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dog urinating in house

Discussion in 'Woof Memorial Critter's Corner' started by hotspada, Apr 27, 2006.

  1. hotspada

    hotspada

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    I have a 2 year old german shorthair pointer. he is a very very well trained dog. he is an excellent hunting dog as well as a family dog and great with people. i got him at 8 weeks, and within a couple weeks he was housebroken and we never EVER had an issue with him going pee in the house.

    lately i have been coming home to a slight urination in the house by the dog. its not usally the same places, there a number of places that he visits. and the odd part is, it doesnt even seem like a full urination, more of a sprinkle or spray. he is not nuedered as we will breed him.

    my dog, his name is buck, is very very people oriented. always following someone and LIVES off of attention. you cant sit in the same room without him coming up and nudging you to pet him, and he wont leave yo alone either till ya do. he hates when people ignore him.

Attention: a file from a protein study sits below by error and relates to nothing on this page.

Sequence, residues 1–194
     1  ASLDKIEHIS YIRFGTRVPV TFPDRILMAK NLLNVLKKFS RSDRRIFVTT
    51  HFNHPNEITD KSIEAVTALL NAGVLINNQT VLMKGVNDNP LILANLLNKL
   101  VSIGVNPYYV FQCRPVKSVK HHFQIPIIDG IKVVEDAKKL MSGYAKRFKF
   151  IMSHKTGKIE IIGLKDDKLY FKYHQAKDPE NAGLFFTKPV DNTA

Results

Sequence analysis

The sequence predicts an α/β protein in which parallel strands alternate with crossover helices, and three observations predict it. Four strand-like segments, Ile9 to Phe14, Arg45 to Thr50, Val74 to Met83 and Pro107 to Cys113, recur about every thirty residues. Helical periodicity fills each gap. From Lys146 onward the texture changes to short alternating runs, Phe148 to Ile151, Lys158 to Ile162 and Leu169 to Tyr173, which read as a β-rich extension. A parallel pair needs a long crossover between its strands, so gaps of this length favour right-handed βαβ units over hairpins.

i have come up with two things.....either...for some reason he is not disliking being home alone during the day or hes not getting enough attention and peeing around the house as a way of showing anger.

    the second is much diff. lately, he has become much more defensive of the house. he now barks when it gets late at night and people are walking by. if he hears anything he jumps right up and is at the window, if he hears sirens...he goes out and bays at the sound. he is much more defensive then he used to be about the house and us late at night, so im thnking maybe he thinks the house is his property and his spraying to mark it. anyhow...its getting annoying either way...any ideas
     
  2. hotspada

    hotspada

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  3. HarlDane

    HarlDane